If you’re still reeling from the week that wasn’t in LSU football, here’s your antidote. Welcome back to the Bayou Bengal Briefing, the easiest spot to catch up on everything you might’ve missed in LSU sports. Today in the Briefing we’re going to roll out some football practice observations, catch up with some pros, discuss Leonard Fournette and hit you with more news than you can handle. You ready for this? Let’s get to it:
We talkin’ ’bout practice!
As has been true of every Monday of the short-but-action-packed Ed Orgeron era in Baton Rouge, LSU’s Monday practice was partially open to the media. SEC Country was on hand to make a few observations for you. Let’s talk about them:
- Perhaps the most noteworthy observation from Monday was the way LSU chose to align its offensive line. For most of the first team reps in the first hour of practice, Andy Dodd was lined up as LSU’s starting center. Regular starting center Ethan Pocic was repping primarily at right tackle. Where was right tackle Maea Teuhema, you may ask? Well, he was back at his natural position, playing left guard. Josh Boutte and K.J. Malone were at their regular positions of right guard and left tackle. These changes were made necessary by the continued injury statuses of left guard Will Clapp and right tackle Toby Weathersby. If Pocic moves back to his regular post as the center, expect Garrett Brumfield to take over at guard and Teuhema to continue as the right tackle. It’s not quite clear yet if LSU was exploring a contingency plan or rolling out its new unit, but this is something to monitor all week and Saturday as well.
- Fans and media alike have been critical of quarterback Danny Etling’s execution on deep passes this season, especially due to his tendency to overthrow open receivers. Either to remedy this or just to help Etling improve, offensive coordinator Steve Ensminger dialed up quite a few deep balls in practice Monday. The video above shows one. Etling wasn’t laser accurate or anything, but he did show impressive precision on a back-shoulder throw down the left sideline just short of the end zone, a difficult throw to make to a moving receiver regardless of coverage.
- In one of the lighter moments of practice, quarterback Brandon Harris and running back Nick Brossette collided and fell to the ground after a miscommunication on a handoff in the backfield. To add to the embarrassment, the play was the last rep of a drill, meaning that was the note the team ended the exercise. Brossette tapped his shoulder after the play, indicating it was his fault.
- Orgeron continued his role as Hype-Man-in-Chief, running after and with his players during drills. At one point, Orgeron sidled behind cornerback Donte Jackson and continuously screamed ‘Let’s go!’ in his direction for around five seconds.
- Unsurprisingly, star tailback Leonard Fournette was not at practice.
Well, wasn’t that a segue?
As long as he’s in Baton Rouge, Fournette will be the most-discussed player on the team. It’s almost unavoidable at this point. Much like his nagging ankle injury.
On Monday afternoon, Orgeron listed Fournette as “questionable,” the same status he gave his running back last Thursday after the game against Florida was postponed.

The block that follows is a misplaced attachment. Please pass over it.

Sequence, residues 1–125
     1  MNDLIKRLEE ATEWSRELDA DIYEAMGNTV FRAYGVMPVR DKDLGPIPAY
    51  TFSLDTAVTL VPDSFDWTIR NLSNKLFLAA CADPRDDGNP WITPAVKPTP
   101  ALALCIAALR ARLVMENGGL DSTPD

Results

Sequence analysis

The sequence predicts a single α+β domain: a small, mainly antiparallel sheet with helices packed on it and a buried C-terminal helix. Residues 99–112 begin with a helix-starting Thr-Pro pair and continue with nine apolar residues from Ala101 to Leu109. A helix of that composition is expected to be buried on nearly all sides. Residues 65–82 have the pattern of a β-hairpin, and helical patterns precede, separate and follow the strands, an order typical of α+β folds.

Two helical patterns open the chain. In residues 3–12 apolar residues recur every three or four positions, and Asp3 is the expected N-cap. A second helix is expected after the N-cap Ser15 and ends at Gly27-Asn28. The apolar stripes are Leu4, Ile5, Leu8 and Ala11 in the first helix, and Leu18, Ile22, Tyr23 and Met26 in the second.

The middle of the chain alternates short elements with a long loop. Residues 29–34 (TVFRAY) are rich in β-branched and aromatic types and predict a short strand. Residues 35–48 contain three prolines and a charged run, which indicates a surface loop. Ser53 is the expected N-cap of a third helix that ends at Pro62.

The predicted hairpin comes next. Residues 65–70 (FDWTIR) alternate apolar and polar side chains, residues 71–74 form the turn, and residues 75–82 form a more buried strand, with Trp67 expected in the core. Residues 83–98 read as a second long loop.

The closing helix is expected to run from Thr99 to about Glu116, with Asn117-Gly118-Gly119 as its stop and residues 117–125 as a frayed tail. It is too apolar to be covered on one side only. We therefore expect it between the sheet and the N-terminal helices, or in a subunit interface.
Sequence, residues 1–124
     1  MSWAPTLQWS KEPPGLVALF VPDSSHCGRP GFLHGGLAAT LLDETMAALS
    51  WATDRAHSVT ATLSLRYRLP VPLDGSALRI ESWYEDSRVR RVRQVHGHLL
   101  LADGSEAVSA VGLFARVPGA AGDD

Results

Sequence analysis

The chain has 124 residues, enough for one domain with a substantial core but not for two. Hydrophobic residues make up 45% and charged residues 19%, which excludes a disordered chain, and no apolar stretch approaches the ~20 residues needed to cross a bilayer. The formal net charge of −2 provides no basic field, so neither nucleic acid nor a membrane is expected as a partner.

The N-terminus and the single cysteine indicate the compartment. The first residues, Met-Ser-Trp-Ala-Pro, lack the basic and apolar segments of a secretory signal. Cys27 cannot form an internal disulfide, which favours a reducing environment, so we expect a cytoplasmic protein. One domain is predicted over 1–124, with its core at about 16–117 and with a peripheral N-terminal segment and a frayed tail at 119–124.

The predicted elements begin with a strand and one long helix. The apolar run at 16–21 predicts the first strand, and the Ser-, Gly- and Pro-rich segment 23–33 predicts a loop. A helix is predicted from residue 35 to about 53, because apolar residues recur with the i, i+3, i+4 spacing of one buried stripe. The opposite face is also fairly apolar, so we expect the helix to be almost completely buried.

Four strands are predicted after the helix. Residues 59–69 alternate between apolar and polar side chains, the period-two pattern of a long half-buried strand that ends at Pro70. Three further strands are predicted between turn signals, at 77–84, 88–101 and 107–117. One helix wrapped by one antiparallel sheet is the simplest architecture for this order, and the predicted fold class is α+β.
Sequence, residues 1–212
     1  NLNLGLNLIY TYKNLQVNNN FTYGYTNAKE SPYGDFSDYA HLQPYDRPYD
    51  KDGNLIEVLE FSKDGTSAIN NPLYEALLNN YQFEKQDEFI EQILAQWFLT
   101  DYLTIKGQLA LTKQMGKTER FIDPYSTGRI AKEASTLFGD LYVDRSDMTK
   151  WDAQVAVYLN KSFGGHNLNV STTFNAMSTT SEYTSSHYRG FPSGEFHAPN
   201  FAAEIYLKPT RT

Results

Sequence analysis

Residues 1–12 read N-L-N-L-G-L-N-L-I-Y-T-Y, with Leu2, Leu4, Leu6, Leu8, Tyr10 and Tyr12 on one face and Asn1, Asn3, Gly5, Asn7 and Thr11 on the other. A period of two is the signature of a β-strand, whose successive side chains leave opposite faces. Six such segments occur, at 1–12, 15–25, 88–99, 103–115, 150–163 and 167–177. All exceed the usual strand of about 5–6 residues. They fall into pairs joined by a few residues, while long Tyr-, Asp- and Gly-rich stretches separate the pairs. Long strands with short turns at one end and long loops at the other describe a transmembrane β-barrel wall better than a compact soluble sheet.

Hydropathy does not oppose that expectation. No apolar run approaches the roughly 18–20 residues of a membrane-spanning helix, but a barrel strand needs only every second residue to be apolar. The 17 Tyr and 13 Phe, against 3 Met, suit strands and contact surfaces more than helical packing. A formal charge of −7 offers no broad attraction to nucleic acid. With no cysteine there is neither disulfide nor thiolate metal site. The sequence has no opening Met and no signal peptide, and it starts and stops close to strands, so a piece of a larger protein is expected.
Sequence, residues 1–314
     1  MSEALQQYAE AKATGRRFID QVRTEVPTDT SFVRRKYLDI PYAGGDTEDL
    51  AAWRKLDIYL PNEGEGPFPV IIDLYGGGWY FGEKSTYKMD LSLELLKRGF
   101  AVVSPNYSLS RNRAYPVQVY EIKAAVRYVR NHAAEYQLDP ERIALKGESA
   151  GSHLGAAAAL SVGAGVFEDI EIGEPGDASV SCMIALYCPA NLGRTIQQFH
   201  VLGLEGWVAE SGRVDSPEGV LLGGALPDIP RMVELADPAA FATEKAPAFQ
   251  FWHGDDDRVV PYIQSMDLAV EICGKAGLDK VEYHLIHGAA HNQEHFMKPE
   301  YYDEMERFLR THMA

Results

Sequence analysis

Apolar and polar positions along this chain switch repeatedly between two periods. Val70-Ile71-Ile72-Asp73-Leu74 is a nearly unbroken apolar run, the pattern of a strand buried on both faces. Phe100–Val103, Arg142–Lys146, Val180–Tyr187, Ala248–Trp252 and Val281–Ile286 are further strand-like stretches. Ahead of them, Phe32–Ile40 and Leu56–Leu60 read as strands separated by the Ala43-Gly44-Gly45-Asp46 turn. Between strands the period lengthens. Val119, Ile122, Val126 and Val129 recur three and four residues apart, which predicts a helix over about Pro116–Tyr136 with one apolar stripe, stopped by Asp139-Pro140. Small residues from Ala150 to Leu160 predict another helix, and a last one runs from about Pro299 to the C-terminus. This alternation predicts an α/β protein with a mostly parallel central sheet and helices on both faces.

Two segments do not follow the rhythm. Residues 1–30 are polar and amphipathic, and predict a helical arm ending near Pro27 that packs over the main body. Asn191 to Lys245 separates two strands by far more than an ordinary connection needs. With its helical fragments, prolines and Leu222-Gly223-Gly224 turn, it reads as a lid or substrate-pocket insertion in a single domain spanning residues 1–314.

There are so many variables surrounding Fournette’s availability this weekend. On the for-playing-him side, there’s the camp that understands every game is equally valuable at this point, and LSU can’t afford to give its best players weeks off. On the flip-side, there’s the camp that believes SEC games are inherently more valuable than nonconference games, and if Fournette has a chance of re-aggravating this injury, there’s no sense in letting it happen against Southern Miss instead of Ole Miss or Alabama. Still again, there’s the camp made up primarily of NFL agents and Cleveland Browns fans that doesn’t want to see anything endanger Fournette’s draft status, even if its just a silly ankle injury.
I don’t have all the answers, LSU fans. So, like Ten Years After, I’ll leave it up to you. Let me know your thoughts on the Fournette situation in the poll below and we’ll revisit this situation in Wednesday’s Briefing.
It’s been a busy week in LSU sports. It’s understandable if you missed a story or two. So, here are some of the best links from SEC Country and around the Web this week.
- LSU and Florida need to play, writes Randy Rosetta
- LSU athletic director Joe Alleva drew a line in the sand, writes Scott Rabalais
- Joe Alleva made his decision, but the players might disagree, writes Glenn Guilbeau
- Players are hurt, but it’s time to move on, writes Jim Kleinpeter
- Practice was all about tempo, writes Christian Boutwell
- Florida AD Jeremy Foley wants this game to be played, writes SEC Country’s Ryan Young
Playoffs and passes defensed
Let’s end today’s Briefing on some pro sports notes, shall we?
- Former LSU baseball player and current Boston Red Sox infielder Aaron Hill made his first plate appearance of the postseason Monday. Unfortunately for him, the at-bat was a strikeout on six pitches. Even more unfortunate for him, it was his last at-bat of the postseason. The Red Sox lost 4-3 to the Cleveland Indians. With the win, the Indians swept the series and advanced to face the Toronto Blue Jays in the ALCS. With the Red Sox loss, Hill won’t win a World Series ring and, more importantly for baseball, David Ortiz’s storied Major League Baseball career has come to an end with 541 regular-season home runs and three World Series titles.
- Tampa Bay Buccaneers linebacker and former LSU player Kwon Alexander had a nice game for himself on Monday Night Football. Alexander notched 5 tackles — three of which were solo — and batted one pass as the Bucs beat the defending NFC champion Panthers on a 38-yard field goal off the foot of much-maligned rookie kicker Roberto Aguayo as time expired.